Some applications of soil water
potential
 Soil Moisture Characteristic
 Plant Available Water
 Surface Area
 Soil Swelling
 Hydropedology
 Water flow and contaminant transport
 Irrigation management
Soil Moisture Characteristic
 Relates water content to water
potential in a soil
 Different for each soil
 Used to determine
- plant available water
- surface area
- soil swelling
Plant Available Water
 Two measurement methods needed
for full range
 Hyprop, tensiometer, pressure plate
in wet end
 Dew point hygrometer or
thermocouple psychrometer in dry
end
 Field capacity (-0.033 Mpa)
 Upper end of plant available water
 Permanent wilting point (-1.5 Mpa)
 Lower end of plant available water
 Plants begin water stress much lower
Surface Area from a
Moisture Characteristic
EGME Surface Area (m2/g)
250
2
y = 1231.3x + 406.15x
200
2
R = 0.9961
150
100
50
0
0
0.05
0.1
0.15
0.2
Slope of Semilog plot
0.25
0.3
Suction (pF)
pF Plot to get Soil Swelling
L-soil
7.5
7
6.5
6
5.5
5
4.5
4
3.5
3
Palouse
Palouse B
y = -17.02x + 7.0381
R2 = 0.9889
y = -29.803x + 7.0452
R2 = 0.9874
y = -97.468x + 6.8504
R2 = 0.9688
0
0.05
0.1
0.15
Water Content (g/g)
0.2
Expansive Soil Classification from
McKeen(1992)
Class
Slope
Expansion
I
> -6
special case
II
-6 to -10
high
III
-10 to -13
medium
IV
-13 to -20
low
V
< -20
non-expansive
Hydropedology
 Requirements:
 Year around monitoring; wet and dry
 Potentials from saturation to air dry
 Possible solutions:
 Soil psychrometers (problems with
temperature sensitivity)
 Capacitance matric potential sensor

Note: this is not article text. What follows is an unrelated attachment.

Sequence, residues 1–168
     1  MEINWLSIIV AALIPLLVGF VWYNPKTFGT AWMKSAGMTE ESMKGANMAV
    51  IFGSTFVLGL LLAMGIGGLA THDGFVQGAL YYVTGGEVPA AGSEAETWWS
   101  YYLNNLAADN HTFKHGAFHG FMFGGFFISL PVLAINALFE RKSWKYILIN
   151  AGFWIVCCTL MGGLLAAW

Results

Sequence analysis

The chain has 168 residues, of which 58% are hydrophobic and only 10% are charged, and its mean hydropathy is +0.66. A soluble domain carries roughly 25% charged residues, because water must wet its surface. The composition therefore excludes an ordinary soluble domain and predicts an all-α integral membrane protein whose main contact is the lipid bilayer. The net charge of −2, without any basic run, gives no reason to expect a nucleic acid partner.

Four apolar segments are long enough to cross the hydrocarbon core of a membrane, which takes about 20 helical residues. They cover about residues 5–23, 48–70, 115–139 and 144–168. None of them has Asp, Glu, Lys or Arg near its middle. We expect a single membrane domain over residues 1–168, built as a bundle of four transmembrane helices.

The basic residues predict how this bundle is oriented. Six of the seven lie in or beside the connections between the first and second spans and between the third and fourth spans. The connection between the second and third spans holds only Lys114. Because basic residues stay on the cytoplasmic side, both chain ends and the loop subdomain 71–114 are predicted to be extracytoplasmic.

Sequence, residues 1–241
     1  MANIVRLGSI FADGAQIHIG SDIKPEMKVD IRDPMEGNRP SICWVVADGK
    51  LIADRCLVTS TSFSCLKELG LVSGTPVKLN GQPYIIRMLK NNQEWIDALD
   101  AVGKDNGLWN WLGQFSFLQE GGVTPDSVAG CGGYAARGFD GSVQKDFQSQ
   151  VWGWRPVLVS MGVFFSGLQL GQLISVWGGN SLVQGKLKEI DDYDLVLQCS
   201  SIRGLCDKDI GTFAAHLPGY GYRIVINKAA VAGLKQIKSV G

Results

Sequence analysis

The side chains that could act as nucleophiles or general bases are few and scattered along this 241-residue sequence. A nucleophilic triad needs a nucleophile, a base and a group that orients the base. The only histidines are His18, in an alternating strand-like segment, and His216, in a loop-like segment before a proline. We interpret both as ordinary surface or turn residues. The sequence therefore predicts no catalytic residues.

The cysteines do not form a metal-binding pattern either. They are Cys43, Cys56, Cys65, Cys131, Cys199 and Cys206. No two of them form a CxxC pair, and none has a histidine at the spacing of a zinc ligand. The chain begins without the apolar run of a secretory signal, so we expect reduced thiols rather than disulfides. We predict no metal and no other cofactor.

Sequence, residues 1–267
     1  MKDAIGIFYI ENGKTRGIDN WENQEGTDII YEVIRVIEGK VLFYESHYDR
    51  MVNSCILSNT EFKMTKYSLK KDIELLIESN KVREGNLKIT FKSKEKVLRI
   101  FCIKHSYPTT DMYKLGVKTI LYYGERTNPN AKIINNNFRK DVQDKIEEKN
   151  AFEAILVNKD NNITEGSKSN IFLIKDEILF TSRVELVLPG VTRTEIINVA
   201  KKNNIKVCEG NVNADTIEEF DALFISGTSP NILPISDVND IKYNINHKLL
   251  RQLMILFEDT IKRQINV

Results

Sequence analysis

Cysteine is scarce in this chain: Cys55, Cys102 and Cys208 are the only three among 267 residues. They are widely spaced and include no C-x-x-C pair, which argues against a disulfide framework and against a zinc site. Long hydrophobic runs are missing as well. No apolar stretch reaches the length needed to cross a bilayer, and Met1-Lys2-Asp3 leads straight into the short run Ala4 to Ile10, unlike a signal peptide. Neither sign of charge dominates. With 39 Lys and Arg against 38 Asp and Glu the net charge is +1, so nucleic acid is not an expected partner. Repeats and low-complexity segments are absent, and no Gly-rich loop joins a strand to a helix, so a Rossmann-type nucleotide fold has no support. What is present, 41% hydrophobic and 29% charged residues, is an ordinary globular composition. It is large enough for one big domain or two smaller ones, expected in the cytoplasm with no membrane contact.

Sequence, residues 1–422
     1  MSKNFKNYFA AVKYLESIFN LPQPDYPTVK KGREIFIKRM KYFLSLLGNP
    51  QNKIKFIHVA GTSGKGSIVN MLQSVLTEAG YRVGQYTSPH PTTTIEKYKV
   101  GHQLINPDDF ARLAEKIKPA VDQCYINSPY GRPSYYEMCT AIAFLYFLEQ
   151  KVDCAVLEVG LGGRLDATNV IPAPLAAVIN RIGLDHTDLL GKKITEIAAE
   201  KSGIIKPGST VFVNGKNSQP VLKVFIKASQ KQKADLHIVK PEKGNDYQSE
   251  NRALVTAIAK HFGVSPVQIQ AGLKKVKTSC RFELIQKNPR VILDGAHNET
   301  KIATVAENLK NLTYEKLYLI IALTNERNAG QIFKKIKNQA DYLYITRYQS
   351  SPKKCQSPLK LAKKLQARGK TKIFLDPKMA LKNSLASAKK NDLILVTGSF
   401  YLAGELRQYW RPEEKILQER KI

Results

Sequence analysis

(limited to -0.5 MPa on dry end)
 Heat dissipation sensors (wide range,
need individual calibration)
Water Flow and
Contaminant Transport
 Requirements:
during recharge (wet conditions)
 Continuous monitoring
 Possible solutions:
 Capacitance matric potential sensor
 Pressure transducer tensiometer
(limited to -0.09 MPa on dry end)
Irrigation Management
 Requirements:
 Continuous during growing season
 Range 0 to -0.1 Mpa
 Possible solutions:
 Tensiometer (soil may get too dry)
 Electrical resistance (poor accuracy)
 Heat dissipation or capacitance
Measuring water content to get water
potential
 Requires moisture characteristic curve for
converting field measurements from q to 
 Conventional wisdom: time consuming
 Most moisture release curve have been done on
pressure plates
 Long equilibrium times, labor intensive
 New techniques
 Fast (<24 hours)
 Automated
Bridging the gap
Volumetric water content at various depths over over the growing season of wheat
grown in a Palouse Silt Loam (Location: Cook's Farm, Palouse, WA)
70%
30 cm
Volumetric Water Content
60%
60 cm
90 cm
120 cm
50%
40%
30%
20%
10%
150 cm
Summary
Knowledge of water potential is important
for
Predicting direction of water flow
Estimating plant available water
Assessing water status of living organisms
(plants and microbes)
Summary
 Water potential is measured by equilibrating a
solid, liquid, or gas phase with soil water
 Solid phase sensors
 Heat dissipation
 Capacitance
 Granular matrix
 Liquid equilibrium
 Tensiometers
 Pressure plates
Summary
 Vapor equilibration
 Thermocouple psychrometers
 Dew point potentiameters
 No ideal water potential measurement solution
exists
 Maintenance and stability
 Accuracy and calibration
 Ease of use
 Range of operation
```